Nneji is focused on outreach through her works. “I want women to feel safe and not alone, like there’s hope,” she said. Her aim is for viewers “to see my work and know there’s someone out there experiencing the same thing and tell them that they can get help if they need it.”

Tonia Nneji is represented by Rele Gallery in Lagos, Nigeria.

Missing your salon? How to care for your hair while you #StayHome

We speak to a hair expert on the dos and don’ts of at-home hair care. (File/Instagram)
Updated 30 March 2020

Missing your salon? How to care for your hair while you #StayHome

DUBAI: As salon-goers face the closure of spas, salons and barbershops, we speak to Haneen Odeh, founder of UAE’s Snob salon for her take on the dos and don’ts of at-home hair care.

Many men and women who rely on salon visits to keep their lengths healthy could be left wondering what to do between now and their next visit to a professional hair stylist. But just as important is what not to do (read: DIY trim job) to avoid ruining your hair and having to impose your own personal period of self-isolation once the pandemic is over due to a ruined haircut you tried to pull off in the bathroom mirror.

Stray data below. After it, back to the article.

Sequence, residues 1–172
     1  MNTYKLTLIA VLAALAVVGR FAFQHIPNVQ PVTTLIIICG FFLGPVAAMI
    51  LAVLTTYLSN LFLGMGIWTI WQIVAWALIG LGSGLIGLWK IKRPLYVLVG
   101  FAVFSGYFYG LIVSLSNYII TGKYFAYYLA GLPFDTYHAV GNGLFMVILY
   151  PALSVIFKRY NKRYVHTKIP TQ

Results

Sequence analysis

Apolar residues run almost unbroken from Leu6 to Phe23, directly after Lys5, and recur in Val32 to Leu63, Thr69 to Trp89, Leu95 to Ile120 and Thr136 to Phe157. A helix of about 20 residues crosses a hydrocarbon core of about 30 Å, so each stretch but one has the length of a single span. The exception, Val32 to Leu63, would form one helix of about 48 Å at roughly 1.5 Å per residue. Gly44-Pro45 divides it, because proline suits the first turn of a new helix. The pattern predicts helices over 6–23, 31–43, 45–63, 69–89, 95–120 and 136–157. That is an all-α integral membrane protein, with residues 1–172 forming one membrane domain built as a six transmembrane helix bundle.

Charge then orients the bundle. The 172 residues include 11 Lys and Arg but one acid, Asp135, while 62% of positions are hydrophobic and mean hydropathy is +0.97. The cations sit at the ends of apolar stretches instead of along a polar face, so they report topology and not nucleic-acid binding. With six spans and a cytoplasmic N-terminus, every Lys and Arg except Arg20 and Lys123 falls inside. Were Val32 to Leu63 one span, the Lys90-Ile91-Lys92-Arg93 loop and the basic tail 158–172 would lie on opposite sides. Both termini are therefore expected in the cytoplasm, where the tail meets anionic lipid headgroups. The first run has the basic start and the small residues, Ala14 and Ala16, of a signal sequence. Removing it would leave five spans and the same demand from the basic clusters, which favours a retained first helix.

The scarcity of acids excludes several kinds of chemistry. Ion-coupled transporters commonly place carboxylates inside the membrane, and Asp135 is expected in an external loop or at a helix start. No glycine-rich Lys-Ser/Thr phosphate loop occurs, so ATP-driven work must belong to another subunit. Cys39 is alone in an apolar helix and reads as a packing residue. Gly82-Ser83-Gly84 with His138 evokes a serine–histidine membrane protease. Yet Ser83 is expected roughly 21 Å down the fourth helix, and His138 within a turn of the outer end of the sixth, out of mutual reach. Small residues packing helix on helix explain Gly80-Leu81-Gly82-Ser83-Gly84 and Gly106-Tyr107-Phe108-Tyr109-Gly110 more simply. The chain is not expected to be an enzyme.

Don’t bleach your own hair
“For those who usually go to the salon to dye their lengths blonde, roots may be starting to show now. And while it might be tempting, I would strongly urge to not bleach your own roots. Lightening dark hair is a very complex multi-step process that requires years of experience and professional grade products only available at salons. Bleaching your hair incorrectly might result in burning and damaging your hair. Instead, opt for a root spray such as the L'Oreal Paris Magic Root Cover Up Concealer Spray. Otherwise, you can always conceal your dark roots with a headband or try wrapping your hair up with a scarf.” 

Do deep conditioning treatments